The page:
I've recently started using raw visualizations to get an idea of what data looks like rather than writing scripts to summarize. And what I found is that presenting data visually in a raw format might be more useful than condensing everything down into just a few numbers. Trouble is that you need to know what you expect and make assumptions if you want to analyze the data. The best tool you have for identifying trends or non-randomness is yourself, not R or a scripting language.
Bought the Visualizing Data book by Ben Fry to help me with this. It explains how to use the Processing language to present data in a meaningful way. As far as I understand, Processing is a wrapper around the java language so that it becomes much more intuitive to use for simple people like me. The language is so easy that there was only a very small learning curve for me, even though I didn't know anything about java other than that it's an island and a coffee. In several of my projects I now start with writing a simple processing script and then throw all my data at it. No assumptions made. The fact that it's easy to interact with a display with mouse or keyboard makes it even more useful.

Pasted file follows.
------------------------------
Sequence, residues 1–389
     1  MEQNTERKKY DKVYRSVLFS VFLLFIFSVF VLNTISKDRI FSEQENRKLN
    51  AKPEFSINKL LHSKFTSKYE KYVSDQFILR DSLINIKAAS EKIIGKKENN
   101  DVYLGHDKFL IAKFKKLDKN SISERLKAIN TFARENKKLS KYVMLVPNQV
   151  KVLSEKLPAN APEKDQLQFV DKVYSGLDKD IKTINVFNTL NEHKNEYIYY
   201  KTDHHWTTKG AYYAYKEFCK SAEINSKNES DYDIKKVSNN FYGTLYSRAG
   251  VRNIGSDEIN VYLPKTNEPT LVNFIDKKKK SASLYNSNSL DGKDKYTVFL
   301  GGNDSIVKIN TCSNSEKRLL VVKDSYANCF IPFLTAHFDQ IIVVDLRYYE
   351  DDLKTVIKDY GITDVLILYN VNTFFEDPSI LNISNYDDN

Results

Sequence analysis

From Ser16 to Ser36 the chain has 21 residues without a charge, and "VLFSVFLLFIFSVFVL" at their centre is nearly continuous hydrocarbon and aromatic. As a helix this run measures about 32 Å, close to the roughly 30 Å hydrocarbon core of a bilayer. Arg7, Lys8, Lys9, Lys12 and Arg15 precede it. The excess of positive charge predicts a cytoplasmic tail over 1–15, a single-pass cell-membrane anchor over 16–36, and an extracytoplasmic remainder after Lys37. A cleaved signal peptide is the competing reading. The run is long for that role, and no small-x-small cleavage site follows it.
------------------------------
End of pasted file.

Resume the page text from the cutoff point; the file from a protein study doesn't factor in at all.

The processing code editor makes creating a java applet or application a matter of one click, so it's easy to make your displays available for other people.
It's only after having a look at the data that I write analysis scripts or help other people in deciding how to analyze/summarize. That analysis can then help to for example make a more opinionated display. So it's display, analyze, display, analyze, ... as in a hermeneutic circle.
One issue with this approach is that you have to be able to think of a meaningful display. And I must say that's often (but not always) the more difficult bit. I started following the RSS feeds of some visualization blogs like FlowingData as well as the Processing website itself to get exposed to different types of visualization, which does help.
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